Reserved powers

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Reserved powers, residual powers, or residuary powers are the powers which are neither prohibited or explicitly given by law to any organ of government. Such powers, as well as general power of competence, are given because it is impractical to detail in legislation every act allowed to be carried out by the state.[1]

Reserved powers are given to different branches of the government in different countries. In Canada the reserved powers lie with the federal government; in the United States, the reserved powers lie with the constituent states.[2][3] In Australia, despite the centralized nature of the Constitution of Australia, the High Court of Australia adopted the "reserved powers doctrine" which was used until 1920 to preserved as much autonomy for the states as can be interpreted from the constitution. This practice changed with the Engineers' Case which led reserved powers to be given to the Commonwealth.[4] Other countries whose legal system is based on common law, such as India, Israel, and Ireland, have similar legal frameworks of reserved powers.[5]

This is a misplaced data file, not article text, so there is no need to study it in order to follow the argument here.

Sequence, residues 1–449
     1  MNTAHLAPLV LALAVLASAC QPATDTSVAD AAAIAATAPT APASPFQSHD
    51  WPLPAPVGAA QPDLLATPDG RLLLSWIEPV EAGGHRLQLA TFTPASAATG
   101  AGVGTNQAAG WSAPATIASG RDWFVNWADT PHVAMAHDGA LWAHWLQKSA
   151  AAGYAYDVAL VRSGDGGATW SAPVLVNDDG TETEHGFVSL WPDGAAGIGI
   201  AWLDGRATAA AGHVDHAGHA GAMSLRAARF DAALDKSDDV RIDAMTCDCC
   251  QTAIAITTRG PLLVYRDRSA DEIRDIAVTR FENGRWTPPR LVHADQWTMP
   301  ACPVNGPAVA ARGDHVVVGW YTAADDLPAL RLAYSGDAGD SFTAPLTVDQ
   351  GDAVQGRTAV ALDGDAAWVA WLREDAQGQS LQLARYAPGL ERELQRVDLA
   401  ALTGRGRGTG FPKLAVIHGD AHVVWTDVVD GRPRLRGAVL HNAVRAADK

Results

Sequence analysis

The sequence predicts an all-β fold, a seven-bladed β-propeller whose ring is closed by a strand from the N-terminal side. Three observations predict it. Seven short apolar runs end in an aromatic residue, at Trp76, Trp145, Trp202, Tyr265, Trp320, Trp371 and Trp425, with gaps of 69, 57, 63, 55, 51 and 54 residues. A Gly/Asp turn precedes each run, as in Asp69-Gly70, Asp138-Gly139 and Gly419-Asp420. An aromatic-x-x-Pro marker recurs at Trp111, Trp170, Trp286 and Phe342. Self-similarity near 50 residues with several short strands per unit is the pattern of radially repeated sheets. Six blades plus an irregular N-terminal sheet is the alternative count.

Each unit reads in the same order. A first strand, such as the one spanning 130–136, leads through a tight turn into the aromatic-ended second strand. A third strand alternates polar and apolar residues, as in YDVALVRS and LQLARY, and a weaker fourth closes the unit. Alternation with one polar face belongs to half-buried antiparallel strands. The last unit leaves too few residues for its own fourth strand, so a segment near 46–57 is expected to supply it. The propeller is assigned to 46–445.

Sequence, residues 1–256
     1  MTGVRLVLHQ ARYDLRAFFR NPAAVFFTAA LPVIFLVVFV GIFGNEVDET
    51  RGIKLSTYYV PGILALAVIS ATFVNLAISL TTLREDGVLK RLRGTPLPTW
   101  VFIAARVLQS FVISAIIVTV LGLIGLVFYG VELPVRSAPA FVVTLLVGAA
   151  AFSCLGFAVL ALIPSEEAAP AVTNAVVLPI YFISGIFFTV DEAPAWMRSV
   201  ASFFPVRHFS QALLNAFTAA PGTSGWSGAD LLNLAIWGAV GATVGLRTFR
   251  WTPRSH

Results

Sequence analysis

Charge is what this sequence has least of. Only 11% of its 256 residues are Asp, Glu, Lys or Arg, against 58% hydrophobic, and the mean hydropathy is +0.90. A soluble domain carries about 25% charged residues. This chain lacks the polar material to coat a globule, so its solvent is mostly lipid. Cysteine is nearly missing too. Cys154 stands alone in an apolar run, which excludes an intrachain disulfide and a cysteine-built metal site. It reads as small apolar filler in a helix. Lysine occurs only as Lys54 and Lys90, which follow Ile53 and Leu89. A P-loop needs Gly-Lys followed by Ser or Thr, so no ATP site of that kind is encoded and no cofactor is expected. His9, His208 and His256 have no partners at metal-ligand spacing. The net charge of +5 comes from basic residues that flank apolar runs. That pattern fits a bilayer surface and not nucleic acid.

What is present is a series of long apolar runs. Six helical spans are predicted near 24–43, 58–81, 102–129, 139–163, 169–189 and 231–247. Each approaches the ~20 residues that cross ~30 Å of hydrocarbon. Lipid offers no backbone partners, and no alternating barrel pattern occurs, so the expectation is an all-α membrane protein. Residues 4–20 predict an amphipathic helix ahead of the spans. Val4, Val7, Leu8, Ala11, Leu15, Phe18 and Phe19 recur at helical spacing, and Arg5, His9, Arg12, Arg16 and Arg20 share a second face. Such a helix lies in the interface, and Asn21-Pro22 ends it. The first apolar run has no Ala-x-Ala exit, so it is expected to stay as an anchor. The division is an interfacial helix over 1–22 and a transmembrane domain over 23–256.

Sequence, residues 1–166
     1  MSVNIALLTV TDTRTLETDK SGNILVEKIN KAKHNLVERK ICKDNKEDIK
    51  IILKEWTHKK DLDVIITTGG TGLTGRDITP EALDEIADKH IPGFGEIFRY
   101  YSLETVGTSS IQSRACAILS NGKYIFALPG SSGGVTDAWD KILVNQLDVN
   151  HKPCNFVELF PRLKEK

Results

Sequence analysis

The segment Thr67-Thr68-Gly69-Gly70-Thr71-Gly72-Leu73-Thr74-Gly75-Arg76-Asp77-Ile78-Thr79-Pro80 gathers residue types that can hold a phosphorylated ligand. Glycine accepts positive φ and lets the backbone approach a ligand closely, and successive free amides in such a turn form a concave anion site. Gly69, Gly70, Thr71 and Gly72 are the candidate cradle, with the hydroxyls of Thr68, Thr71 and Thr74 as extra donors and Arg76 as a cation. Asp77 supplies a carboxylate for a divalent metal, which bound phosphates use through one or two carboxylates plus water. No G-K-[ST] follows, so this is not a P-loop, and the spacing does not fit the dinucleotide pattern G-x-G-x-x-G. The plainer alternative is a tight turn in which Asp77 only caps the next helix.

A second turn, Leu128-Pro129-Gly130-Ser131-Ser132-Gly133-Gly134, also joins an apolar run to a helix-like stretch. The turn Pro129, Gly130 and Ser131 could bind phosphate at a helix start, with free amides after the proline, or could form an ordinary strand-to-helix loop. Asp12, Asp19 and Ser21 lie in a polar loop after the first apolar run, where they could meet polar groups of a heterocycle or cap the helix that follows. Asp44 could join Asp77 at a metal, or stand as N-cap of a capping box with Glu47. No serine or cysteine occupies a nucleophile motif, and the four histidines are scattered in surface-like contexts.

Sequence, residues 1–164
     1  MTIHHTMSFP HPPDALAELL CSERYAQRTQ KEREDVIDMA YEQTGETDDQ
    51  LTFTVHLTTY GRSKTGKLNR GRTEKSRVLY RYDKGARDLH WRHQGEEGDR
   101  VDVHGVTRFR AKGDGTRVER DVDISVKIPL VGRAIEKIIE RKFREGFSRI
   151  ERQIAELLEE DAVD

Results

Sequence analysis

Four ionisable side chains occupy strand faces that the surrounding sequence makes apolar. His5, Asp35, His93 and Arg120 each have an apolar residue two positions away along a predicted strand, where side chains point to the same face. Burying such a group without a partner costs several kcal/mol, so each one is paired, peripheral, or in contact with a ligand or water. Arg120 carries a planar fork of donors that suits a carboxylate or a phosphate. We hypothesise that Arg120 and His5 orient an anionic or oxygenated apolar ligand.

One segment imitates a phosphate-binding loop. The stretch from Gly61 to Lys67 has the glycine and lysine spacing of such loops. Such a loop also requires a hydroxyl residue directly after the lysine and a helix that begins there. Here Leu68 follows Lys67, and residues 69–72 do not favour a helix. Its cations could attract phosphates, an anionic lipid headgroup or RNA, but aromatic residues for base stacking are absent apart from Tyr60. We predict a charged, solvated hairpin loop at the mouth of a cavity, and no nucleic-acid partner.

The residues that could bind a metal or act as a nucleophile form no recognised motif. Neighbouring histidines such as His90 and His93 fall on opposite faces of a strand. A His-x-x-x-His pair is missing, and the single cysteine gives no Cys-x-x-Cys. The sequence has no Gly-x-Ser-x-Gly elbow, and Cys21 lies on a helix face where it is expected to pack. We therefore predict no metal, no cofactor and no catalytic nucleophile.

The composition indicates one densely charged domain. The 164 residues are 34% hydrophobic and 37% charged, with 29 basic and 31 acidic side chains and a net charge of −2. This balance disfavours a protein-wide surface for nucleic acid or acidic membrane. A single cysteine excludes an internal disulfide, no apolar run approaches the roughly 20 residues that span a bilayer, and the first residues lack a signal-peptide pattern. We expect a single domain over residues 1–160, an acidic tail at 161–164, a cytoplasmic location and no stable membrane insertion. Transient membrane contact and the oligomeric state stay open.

See also[edit]


  1. ^ Abel, Albert (1978). "The Provincial Residuary Power". The University of Toronto Law Journal. 28 (3): 274. doi:10.2307/825638. ISSN 0042-0220.
  2. ^ Handbook of Federal Countries, 2002: A project of the Forum of Federations (Paperback, 528 pages), by Karl Nerenberg, Ann L. Griffiths, Debbie Courtois, Mar 24, 2003, McGill-Queen's University Press. ISBN 9780773525115 - Page 8, in Introduction, by John Kincaid.
  3. ^ Reserved Power Law and Legal Definition, US Legal, Inc., retrieved August 8, 2018
  4. ^ Aroney, N. "Constitutional Choices in the Work Choices Case, or What Exactly Is Wrong with the Reserved Powers Doctrine?". (2008) 32 Melbourne University Law Review 1.
  5. ^ Brenda Hale (October 8, 2015), The UK Supreme Court in the United Kingdom Constitution (PDF)